United For Children Addresses Community Needs to Improve Education
How do you improve education in a community? That is a vast, nuanced question, the answers to which are not always obvious. Throughout various communities in Coastal Virginia, children face a variety of barriers to learning. For some, it is a lack of a safe learning environment. For others, it might be the absence of appropriate medical care or adequate nutrition.
Addressing these broad and widely varied issues is a challenge, but United for Children is bringing community partners together to do just that. The organization, an initiative of United Way, specifically seeks out barriers to learning, with the goal of leveraging the most resources to help address the highest needs in the community.
“United for Children uses a systematic approach to create tools of change that bring people together and change the odds for local children,” says Dr. Jarrett Brunny, director of United for Children.
This approach often means thinking outside the box to find and address barriers to learning throughout the community. One issue the organization identified was the difficulty some high school students faced in accessing medical care. Challenges related to health and wellness make it more difficult for students to reach graduation, and many students in South Hampton Roads have needs that cannot be fully met by a traditional school nurse role. This was true of many students in the St. Paul’s area of Norfolk, the community that feeds into Booker T. Washington High School.
To help meet students’ need for medical care, UfC partnered with Optima Health to establish the Student Care Center at the high school. Opened in 2015, the center offers the comprehensive services of a physician’s office and is located in a clinical space inside the school. The center is staffed by EVMS physicians and other medical professionals.
The Student Care Center has become a safe place where students can address specific health needs, both physical and mental. Students can take care of basic needs, such as getting a physical done so they can play sports, that might otherwise be difficult for them to obtain.
Looking ahead, UfC is working with its partners to determine the future direction of the clinic. As with everything the organization does, they want to assess the results, determine any other peripheral needs that are not yet being met and adjust the program accordingly to ensure they are impacting the community as effectively as possible.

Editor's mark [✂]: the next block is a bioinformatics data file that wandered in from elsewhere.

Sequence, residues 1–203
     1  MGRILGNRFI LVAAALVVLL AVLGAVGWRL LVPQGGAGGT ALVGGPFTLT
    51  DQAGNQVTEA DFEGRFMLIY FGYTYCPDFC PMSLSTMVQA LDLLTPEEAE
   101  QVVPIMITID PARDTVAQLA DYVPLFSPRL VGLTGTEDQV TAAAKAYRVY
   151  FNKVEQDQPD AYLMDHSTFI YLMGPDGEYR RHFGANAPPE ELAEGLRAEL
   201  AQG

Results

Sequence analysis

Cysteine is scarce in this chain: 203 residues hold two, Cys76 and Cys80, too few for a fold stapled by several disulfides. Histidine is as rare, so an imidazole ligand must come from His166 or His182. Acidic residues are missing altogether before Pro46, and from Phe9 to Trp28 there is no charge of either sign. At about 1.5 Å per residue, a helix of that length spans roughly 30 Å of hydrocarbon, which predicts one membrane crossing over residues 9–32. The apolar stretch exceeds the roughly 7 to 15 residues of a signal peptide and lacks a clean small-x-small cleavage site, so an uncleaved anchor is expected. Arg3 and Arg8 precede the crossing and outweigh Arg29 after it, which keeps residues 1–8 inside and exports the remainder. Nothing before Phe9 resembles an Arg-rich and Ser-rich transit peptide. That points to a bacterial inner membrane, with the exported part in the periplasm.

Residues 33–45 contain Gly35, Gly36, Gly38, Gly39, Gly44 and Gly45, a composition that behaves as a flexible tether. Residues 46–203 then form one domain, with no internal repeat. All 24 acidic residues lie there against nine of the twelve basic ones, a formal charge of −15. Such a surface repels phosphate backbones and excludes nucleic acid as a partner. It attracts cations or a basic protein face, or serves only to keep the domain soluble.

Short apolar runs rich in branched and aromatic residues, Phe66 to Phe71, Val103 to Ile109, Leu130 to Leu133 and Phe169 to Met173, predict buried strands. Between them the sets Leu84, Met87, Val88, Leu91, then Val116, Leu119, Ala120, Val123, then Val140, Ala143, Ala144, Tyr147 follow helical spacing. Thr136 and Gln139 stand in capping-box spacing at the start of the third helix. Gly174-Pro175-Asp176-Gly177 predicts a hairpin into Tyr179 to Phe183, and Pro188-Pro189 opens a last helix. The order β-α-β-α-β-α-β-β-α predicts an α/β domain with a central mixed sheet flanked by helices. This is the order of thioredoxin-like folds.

“Today, we are at the table adapting to the past couple of years of service and making sure that as the students’ needs change, we change with them in an informed, engaged and useful way,” says Brunny.
Because so much of a child’s education success hinges on their formative years, United for Children also focuses on helping to create strong environments for the youngest learners in the community. Last year, the Hampton Roads Community Action Program (HRCAP) informed UfC about a unique education need for its Head Start program at the Basilica of Saint Mary of the Immaculate Conception. The building needed significant upgrades to provide the children with a safe and fit environment for learning. Additionally, the facility was lacking a playground for the children. UfC got right to work assessing the need and creating a plan to fill this gap for the children of the Head Start program.
“This program is a perfect example of how needs you might not have thought of before can come to light, when you get the right partners together doing collective impact,” says Brunny.
Upgrades on the building are currently in progress, and volunteers will break ground for the playground in early March. The Basilica was built in 1858, so the improvements include sealing windows, installing blinds and various other repairs that will make the environment more suitable for children in the program.
“When you are able to change a child’s environment for the better, the child will be in a much better position to learn. This in turn benefits the child’s family and the community as a whole,” says Brunny.
This concept carries over into another important new program, the Student Needs Funds. While UfC’s larger, community-wide programs have proven impact on learning, the organization also understands that there are individual barriers to learning that can be best addressed by the teachers who interact with their students every day.
This program focuses on helping teachers and administrators immediately address a student’s specific need. For instance, if a teacher notices that a child is having trouble seeing in class, they can use the funds to purchase a pair of glasses for the child. Or if a child does not have appropriate shoes for P.E., the funds could be used to buy that student some gym shoes. These individual acts can have an immediate impact on the child’s ability to learn.
Looking into the future, UfC will continue to build its model for success in childhood that carries forward throughout life. The organization is constantly seeking out ways to work with various community partners to create the best possible solutions for children and their families.
“We are constantly in a learning phase,” says Brunny. “By constantly assessing emerging challenges and then developing responses in a coordinated and purposeful way, we are changing our approach to success in childhood and increasing our ability to be where we need to be, at the right time, to support children and their families."